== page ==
When your project and supervisor have been arranged, you must submit the working title of your project and the name(s) of your supervisor(s) and dissertation partner(s) (if applicable) via a paper form, which should be handed in to the Teaching Office by 4pm on Thursday, October 5th 2017.
In Semester 1 there will be an opportunity for feedback on the design of the dissertation. Students will make and present a poster describing the planned dissertation research, and will receive feedback from staff and exchange feedback peer-to-peer with other students. The date for the poster session will be Wednesday 22 November 2017. There will be a short talk describing how to produce posters, held at 1:10pm on Friday 6th October, in F21. Posters must be submitted in electronic form approximately 3 weeks ahead of the poster session, at a date to be advertised, to allow time for printing. The posters will not count towards the assessment, but they're a great opportunity to get essential feedback on your work.
Submitting your thesis
TWO bound copies of the dissertation must be submitted in the Honours box in the PPLS Undergraduate Teaching Office (Room G.06, Dugald Stewart Building) by the deadline of 4pm on Wednesday 28th March. An electronic copy must also be submitted by the deadline via Turnitin, the plagiarism detection software. A link to Turnitin will be available via Learn. The electronic submission allows us to check for plagiarism and word count. This will also link directly to Edinburgh Research Archive (see details on the archive below).
Students should be aware that it is University policy to deduct 5 marks from the final mark for each working day that you are late with submitting your dissertation and that after 5 days the work will be awarded a mark of zero.
The submitted dissertation is part of the degree examination, and it will contribute to the determination of the degree awarded. This deadline is therefore firm, and only under very exceptional circumstances will the Course Organiser (in consultation with the Convenor of the Board of Examiners) agree to an extension for which permission must be sought in advance. You should be aware that for your degree to qualify for accreditation by the BPS, it is essential to obtain a pass mark for your dissertation.
As the second marking of your dissertation will be anonymous, you must submit one copy without your name on the title page. Instead you should include on the title page your exam number, along with the name of your supervisor(s).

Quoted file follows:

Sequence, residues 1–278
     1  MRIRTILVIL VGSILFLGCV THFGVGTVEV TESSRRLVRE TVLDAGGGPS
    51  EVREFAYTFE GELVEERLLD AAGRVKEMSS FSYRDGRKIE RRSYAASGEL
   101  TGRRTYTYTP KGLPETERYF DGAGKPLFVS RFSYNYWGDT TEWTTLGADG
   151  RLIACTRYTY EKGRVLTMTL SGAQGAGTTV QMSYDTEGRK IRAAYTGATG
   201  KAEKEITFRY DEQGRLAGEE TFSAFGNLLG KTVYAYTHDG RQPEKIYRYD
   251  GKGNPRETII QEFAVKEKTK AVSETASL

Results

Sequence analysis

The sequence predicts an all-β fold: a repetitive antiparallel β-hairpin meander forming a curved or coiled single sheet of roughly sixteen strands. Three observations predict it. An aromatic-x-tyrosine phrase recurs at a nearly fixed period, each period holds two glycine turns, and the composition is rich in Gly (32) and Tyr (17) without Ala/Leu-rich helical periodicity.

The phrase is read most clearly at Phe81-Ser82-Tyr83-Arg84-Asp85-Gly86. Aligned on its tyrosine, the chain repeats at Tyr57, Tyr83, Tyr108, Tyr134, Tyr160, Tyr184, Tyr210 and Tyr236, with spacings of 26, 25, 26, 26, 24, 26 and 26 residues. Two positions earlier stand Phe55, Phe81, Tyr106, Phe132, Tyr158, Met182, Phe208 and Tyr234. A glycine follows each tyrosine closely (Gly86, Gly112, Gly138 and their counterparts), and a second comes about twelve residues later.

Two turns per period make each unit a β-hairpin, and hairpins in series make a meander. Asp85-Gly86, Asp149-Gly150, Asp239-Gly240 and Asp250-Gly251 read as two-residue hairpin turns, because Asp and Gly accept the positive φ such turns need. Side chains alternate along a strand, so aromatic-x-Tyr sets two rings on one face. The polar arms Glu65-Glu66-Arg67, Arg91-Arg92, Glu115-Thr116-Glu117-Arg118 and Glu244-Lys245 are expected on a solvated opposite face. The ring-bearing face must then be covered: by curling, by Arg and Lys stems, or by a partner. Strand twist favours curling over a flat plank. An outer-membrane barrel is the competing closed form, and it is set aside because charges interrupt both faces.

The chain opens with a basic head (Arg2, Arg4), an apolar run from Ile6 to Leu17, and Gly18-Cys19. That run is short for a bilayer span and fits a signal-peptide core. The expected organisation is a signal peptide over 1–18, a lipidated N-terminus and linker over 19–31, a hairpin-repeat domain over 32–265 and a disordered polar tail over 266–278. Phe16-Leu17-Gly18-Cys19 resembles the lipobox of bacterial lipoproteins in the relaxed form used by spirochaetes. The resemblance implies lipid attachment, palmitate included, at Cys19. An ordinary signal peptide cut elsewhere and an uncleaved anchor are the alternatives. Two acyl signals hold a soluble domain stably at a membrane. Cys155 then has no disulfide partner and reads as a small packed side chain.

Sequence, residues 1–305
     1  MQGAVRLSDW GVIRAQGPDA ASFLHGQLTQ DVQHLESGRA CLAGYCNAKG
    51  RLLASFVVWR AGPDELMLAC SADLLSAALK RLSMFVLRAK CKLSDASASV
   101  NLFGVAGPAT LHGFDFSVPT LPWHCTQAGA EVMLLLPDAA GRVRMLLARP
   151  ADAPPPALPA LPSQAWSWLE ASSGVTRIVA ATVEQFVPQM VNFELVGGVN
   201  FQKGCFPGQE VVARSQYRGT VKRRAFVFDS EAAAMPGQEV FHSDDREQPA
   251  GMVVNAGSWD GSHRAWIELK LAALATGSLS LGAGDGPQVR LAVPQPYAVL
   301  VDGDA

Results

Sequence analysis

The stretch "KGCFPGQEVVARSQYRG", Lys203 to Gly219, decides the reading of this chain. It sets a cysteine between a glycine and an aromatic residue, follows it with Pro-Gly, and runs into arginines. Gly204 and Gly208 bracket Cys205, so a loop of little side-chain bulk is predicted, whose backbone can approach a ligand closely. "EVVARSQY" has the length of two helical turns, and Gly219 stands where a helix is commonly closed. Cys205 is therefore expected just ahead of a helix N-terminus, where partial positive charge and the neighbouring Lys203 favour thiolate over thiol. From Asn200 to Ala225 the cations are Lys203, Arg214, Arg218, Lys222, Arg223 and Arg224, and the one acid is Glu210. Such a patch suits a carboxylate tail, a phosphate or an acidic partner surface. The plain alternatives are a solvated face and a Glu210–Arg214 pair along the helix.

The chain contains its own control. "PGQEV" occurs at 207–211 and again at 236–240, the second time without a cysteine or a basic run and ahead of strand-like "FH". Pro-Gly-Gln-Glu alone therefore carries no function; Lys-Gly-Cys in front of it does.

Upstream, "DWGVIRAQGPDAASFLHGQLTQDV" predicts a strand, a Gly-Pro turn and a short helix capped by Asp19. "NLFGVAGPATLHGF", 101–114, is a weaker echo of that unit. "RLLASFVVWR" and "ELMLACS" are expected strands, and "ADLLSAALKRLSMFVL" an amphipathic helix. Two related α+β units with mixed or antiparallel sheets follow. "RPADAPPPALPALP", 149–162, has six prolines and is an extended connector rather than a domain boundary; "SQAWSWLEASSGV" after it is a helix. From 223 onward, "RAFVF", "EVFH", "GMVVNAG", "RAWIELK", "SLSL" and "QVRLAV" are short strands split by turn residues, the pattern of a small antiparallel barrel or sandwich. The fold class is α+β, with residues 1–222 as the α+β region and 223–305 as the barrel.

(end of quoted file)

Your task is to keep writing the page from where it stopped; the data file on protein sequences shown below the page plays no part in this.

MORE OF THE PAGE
The dissertation must not normally exceed 8000 words (approximately 24 pages of single-sided A4, double spaced, 12 point font). This limit does not include the text of the abstract, references, tables or figures (but note that figure captions should only clarify what is shown in the figure - if you use them to cram in text that should not be in a caption, in order to avoid exceeding word limits, this may have a negative impact on your mark). Discourse analysis extracts are also not included in the word limit. Where it is desirable, for completeness, to include full sets of stimulus material, lengthy descriptions of procedure, or computer analyses etc., which would take the thesis above this limit, these should be put in an appendix. Material in the appendix will not necessarily be read by the examiners, and so it should not be used for evidence which is essential to the argument of the dissertation. Your dissertation should be your own piece of written work, even in a collaborative project; supervisors may provide comments on a single draft of all sections of your dissertation except the Abstract and Discussion.
In using computers (e.g., to store data and to word-process your dissertation), you are strongly advised to ensure that you back up your work adequately. Also, in case you encounter last minute computer or printer problems, you should have a draft copy of your thesis available well before the deadline. This copy should be identical in text to the final copy (i.e., it may differ only in format or in minor typographical respects). Further details regarding submission criteria will be circulated in due course to the course secretary.
Feedback policies and marking procedures
Your supervisor will be available for guidance and advice on your dissertation work, and it is expected that you will hold regular meetings with him/her, at which you will receive informal feedback on progress in your project.
There is an opportunity for feedback on the design of your dissertation at the poster day in Semester 1. You will make and present a poster describing the planned dissertation research, and will receive feedback from staff, and exchange feedback peer-to-peer with other students. The posters will not count towards the assessment.
Your supervisor will also give formative written feedback on ONE written draft of your dissertation, which must be submitted by three weeks prior to the dissertation deadline at the latest. The feedback will cover the Introduction, Methods and Results sections. The form of this feedback will depend on the student, the project and the supervisor. Supervisors may offer advice on writing academic English, but they will not proof-read your dissertation. Feedback will NOT be available on the Discussion section or Abstract, and will not be available on more than one draft of the thesis. Please allow two weeks from the submission of your draft to receive the feedback.